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A tribute to Balu Mahendra

The legend that was Balu Mahendra

Feb 13, 2014
Balu Mahendra, born as Balanathan Benjamin Mahendra in 1939 in Sri Lanka, left behind an army of his fans and disciples in deep sorrow when he chose to reside with the Almighty this morning.
A career spanning more than four decades in the creative industry in different portfolios as cinematographer, editor, director and finally an actor in Thalaimuraigal, Balu Mahendra created a new lexicon for film making.
Drawn into the world of celluloid with a casual viewing of David Lean’s The Bridge on the River Kwai, Balu Mahendra pursued his passion and passed out of the Film Institute in Pune with a gold medal.
He started with a bang as a cinematographer in the Malayalam film Nellu and for the Tamil audience, he made his entry as cinematographer in Mahendran’s Mullum Malarum and from then on, it’s no looking back for this prolific creator.
He has worked in all the south Indian languages in different capacities and his directorial ventures were always a class apart that stood out for its unusual grammar and lighting style which he maintained till the end.
In a recent interview, the doyen had said “Good cinema is a tricky area. When a director who has absolute command of his craft narrates a story in a simple and honest manner, there is a possibility of good cinema”. He says ‘possible’ because, “A magic MUST happen to make it a good cinema”, he adds. And he remained a skillful magician who waved his wand and drowned his audience in a spellbinding magical experience through his films which were one of its kinds.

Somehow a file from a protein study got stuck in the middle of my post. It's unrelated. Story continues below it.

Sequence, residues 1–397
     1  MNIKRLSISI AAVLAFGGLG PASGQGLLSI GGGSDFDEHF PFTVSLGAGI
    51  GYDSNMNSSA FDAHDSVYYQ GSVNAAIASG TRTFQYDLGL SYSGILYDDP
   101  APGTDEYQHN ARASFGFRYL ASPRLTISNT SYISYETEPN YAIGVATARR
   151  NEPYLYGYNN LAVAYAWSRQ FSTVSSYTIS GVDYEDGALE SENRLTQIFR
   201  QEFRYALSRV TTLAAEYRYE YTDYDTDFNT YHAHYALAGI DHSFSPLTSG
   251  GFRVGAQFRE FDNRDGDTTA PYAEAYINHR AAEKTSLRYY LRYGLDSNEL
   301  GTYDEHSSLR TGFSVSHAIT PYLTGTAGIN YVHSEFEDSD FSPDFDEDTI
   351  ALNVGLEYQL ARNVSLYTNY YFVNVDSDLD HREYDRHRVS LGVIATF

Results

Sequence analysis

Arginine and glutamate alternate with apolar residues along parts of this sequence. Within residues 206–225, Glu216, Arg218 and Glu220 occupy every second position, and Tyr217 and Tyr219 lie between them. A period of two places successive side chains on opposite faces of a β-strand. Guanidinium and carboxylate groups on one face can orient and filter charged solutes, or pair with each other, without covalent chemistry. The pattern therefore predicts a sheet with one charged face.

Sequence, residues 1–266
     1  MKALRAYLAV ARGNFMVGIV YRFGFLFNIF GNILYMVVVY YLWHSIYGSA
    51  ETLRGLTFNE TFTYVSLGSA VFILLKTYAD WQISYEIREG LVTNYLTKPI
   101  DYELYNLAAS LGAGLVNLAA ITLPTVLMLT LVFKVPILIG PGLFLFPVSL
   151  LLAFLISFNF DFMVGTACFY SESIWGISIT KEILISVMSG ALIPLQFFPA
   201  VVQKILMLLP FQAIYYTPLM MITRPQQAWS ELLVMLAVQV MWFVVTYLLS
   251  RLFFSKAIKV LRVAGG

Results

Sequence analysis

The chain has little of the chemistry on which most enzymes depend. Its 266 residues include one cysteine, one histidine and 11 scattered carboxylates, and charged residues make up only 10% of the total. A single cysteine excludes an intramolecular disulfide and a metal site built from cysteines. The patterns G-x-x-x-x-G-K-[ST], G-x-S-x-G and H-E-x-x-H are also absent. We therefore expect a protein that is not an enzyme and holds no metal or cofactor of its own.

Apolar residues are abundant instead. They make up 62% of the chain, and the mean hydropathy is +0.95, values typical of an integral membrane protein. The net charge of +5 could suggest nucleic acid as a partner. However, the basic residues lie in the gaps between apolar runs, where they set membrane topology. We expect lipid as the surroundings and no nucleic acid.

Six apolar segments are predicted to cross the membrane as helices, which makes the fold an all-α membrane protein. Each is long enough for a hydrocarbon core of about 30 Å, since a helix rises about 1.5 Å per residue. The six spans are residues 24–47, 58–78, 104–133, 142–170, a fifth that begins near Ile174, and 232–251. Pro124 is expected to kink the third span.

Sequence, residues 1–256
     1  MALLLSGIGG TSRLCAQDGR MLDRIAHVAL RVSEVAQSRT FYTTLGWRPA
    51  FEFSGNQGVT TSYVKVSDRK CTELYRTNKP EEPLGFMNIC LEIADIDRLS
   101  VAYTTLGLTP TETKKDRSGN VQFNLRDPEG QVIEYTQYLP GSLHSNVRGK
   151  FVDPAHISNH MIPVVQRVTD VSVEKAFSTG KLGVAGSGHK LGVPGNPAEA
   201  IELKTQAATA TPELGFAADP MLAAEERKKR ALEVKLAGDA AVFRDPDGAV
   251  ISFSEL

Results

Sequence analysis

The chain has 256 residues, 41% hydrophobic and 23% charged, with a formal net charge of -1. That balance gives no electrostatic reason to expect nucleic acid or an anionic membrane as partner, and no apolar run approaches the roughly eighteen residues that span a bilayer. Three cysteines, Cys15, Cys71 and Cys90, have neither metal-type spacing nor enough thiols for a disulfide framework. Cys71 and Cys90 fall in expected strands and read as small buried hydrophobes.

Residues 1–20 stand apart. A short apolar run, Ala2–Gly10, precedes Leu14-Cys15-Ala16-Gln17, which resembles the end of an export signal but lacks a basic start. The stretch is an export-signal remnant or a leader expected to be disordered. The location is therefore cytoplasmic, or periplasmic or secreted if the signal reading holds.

His maiden directorial outing in Tamil, Azhiyaadha Kolangal dealt with adolescents and gave a totally different viewing experience. And the immortal tracks of Raja in his films augment the feel even now after many many years. His liaison with the music maestro remains the most beautiful aspect of his films, transcending the time barrier. While Moodu Pani was a thriller of sorts, Moondram Pirai introduced the Tamil audience to a condition called amnesia and the audience witnessed a mind-blowing performance from Sridevi and Kamal Haasan.
Veedu very interestingly talked about the middle class aspirations to own a house and Sathi Leelavathi was a hilarious take on a man attempting to take few excursions from his marital life.
It was Balu Mahendra who discovered talents like Shoba, Archana and Chokkalinga Bagavathar and told the gen-next populace what it is all about to stay connected with your roots in his last film Thalaimuraigal. It was in this screening that the septuagenarian got highly emotional talking about Tamil language and its culture.
It would not have been enough if a creative genius such as Balu Mahendra got stopped just with him. And that’s why his Cinema Pattarai is churning out talents after talents in the form of Bala, Seenu Ramasamy, Ram, Vetri Maaran, Naa Muthukumar and many more.
To borrow few lines from his film
"கிழக்கினில் தினம்தோறும் கதிரானது!
மறைவதும் பின்பு உதிப்பதும் மரபானது!"
And the legend will continue to rise in his prodigy's works and remain immortal for ever!
Long live Balu Mahendra!

By Jyothsna Bhavanishankar 


A tribute to Balu Mahendra

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